Profile Source: Bethany World Prayer Center
Introduction / History
The Iku live in the Kachia division of Kaduna state, Nigeria. They are closely related to the Idon people and speak a similar language. This language, called Iku-gora-ankwa, belongs to the Benue-Congo language family. In addition to linguistic resemblances, the Idon and the Iku share similar customs and religions. Islam was introduced to both groups by Fulani attackers in the nineteenth century.
Kaduna, which means "place of the crocodile," is a region flowing with numerous rivers. As a result, the soil is rich and fertile in most of the area, making the Iku an agricultural people. The vegetation consists of low orchard bush with shade trees such as the silk-cotton, baobab (tropical tree with hard-shelled fruits), and shea butter. Deleb palms are numerous along river valleys and supply the people with such items as nuts, oil, and fuel. Some of the area is wooded and is known to attract the disease-carrying tsetse fly. Consequently, some parts of these woodlands have become dangerous to both man and animal.
What are Their Lives Like?
Like other peoples living in the Kaduna grasslands, the Iku are subsistence farmers, growing millet, maize, guinea corn, and beans. They also raise animals such as goats, sheep, chickens, dogs, and horses. Goats, sheep, chickens, and monkeys are eaten, along with iguana, which is considered a delicacy. Dogs are used for hunting and for guarding the compounds at night. Fowl are used only for ceremonial purposes. The Iku also engage in hunting, fishing, and some trading, but these are of lesser importance than agriculture.
Each morning, after a light snack is eaten, the men of a household work in the fields until noon. Then, they relax in the shade of a tree and eat porridge brought by their wives. Another break follows around 3:30, after which time they will work again until time for the evening meal. This meal is eaten with their brothers and children. During the dry season, the Iku have less work to do. As a result, more time is spent on amusement and pursuing individual interests.
The women wake before sunrise and bathe behind the house. During the day, they prepare meals and help their husbands in the fields. Time is also spent in collecting nuts, wild fruit, honey, and special medicinal plants from the forests. Most of the small-scale trading is also conducted by the women.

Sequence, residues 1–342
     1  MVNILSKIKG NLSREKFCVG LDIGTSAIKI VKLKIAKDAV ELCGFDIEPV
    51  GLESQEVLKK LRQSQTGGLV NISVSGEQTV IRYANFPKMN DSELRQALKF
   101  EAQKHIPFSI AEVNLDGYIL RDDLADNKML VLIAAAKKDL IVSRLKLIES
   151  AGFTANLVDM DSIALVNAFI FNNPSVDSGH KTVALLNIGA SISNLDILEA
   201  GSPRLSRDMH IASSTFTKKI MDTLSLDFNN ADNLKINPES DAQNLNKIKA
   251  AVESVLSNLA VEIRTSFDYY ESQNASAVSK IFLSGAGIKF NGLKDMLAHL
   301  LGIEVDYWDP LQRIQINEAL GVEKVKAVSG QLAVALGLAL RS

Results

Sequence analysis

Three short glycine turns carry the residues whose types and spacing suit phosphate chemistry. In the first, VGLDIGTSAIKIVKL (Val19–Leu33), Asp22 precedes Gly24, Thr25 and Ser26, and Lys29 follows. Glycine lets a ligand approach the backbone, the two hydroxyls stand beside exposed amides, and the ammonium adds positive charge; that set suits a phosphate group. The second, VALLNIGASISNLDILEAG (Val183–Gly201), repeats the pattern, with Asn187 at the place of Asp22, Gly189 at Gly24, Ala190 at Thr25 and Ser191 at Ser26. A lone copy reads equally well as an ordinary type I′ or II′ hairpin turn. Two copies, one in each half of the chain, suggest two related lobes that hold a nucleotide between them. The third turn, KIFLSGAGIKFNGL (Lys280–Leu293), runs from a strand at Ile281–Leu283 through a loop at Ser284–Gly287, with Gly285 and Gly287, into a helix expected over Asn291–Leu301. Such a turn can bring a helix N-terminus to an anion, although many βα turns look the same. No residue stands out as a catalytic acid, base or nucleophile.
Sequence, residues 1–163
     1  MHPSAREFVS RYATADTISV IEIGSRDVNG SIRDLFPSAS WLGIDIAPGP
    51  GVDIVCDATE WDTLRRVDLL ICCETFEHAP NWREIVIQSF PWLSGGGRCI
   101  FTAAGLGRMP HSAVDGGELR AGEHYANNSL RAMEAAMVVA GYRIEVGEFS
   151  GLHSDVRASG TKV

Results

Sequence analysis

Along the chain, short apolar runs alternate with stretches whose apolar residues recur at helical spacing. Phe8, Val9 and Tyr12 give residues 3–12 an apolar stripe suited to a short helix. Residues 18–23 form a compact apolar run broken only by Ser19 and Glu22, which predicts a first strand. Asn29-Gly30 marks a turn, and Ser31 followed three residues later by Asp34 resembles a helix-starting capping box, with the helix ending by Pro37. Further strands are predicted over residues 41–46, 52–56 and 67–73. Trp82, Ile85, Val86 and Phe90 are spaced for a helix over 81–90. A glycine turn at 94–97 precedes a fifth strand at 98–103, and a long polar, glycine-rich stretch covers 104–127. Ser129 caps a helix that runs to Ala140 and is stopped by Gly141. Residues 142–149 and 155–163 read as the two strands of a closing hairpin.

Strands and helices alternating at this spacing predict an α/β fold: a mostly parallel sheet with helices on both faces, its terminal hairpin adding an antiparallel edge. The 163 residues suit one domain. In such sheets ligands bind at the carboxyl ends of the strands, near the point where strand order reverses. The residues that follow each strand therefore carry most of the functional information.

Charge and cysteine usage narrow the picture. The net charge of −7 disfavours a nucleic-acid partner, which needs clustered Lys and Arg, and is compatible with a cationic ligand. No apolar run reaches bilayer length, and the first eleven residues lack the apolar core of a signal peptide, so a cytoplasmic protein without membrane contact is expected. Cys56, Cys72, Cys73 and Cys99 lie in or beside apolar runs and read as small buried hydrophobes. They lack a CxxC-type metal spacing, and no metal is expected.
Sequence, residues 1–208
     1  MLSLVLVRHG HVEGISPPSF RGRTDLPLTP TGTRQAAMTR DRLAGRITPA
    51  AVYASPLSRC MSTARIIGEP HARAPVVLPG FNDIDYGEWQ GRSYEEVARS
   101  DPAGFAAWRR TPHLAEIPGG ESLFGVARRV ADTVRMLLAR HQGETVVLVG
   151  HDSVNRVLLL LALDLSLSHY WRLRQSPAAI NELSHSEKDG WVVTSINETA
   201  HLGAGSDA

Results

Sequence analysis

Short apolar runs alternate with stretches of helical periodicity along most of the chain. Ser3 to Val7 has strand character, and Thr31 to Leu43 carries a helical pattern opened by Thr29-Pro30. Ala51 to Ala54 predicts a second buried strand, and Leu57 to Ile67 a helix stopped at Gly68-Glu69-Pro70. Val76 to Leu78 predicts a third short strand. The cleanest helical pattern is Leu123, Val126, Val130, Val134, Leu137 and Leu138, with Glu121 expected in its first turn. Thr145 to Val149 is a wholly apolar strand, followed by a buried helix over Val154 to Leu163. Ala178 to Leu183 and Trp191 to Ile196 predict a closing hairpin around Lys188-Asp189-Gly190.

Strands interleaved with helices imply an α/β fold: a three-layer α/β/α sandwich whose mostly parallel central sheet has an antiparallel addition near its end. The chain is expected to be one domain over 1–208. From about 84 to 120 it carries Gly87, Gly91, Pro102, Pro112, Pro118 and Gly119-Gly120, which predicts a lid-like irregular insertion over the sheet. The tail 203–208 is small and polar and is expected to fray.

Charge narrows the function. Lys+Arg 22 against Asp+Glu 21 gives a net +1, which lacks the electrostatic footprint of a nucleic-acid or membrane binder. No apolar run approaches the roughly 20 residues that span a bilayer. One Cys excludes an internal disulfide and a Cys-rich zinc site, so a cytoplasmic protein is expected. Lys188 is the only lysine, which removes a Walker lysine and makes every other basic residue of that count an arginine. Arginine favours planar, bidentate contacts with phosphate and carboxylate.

Boys help their fathers on the farm, spending some of their time chasing animals and birds away from the crops. Girls must clean dirty pots in the river, help their mothers prepare the meals, and gather forest products. The older men of the village spend much of their day making sure that the young boys properly tend to the livestock. Often, they may be found simply relaxing or sometimes weaving.
The Iku live in compact villages located either in the hills or in dense forests. Their houses are made of mud, with grass roofs covering an outer porch and granary. Each village consists of a clan community separated into extended family compounds. The village headman handles village affairs with the help of a council of elders.
What are Their Beliefs?
Although many of the Iku have become Muslims, most still follow their traditional religious practices and beliefs. They believe in evil spirits, but they do not live in fear of them. They pray to the "sky god" for health and prosperity.
Many religious practices of the Iku center around an ancestral cult in which the dodo (masked personification of a spirit) represents the ancestral spirits. Rites of initiation into this cult are elaborate and very important to all Iku. Through this cult, ancestors are honored and worshipped.
What are Their Needs?
The Iku have no Christian resources available to them, and no missions agency is currently working among them. A majority of the Iku have never heard a clear presentation of the Gospel message. Evangelistic work and prayer are needed to win these precious people to Christ.
* Ask the Lord of the harvest to send forth laborers to work among the Iku of Nigeria.
* Ask the Lord to soften the hearts of the Iku towards Christians so that they will be receptive to the Gospel.
* Pray that God will give the Iku believers many opportunities to share Christ with their families and friends.
* Ask God to raise up prayer teams who will begin breaking up the soil through worship and intercession.
* Ask the Lord to bring forth a triumphant Iku church for the glory of His name!
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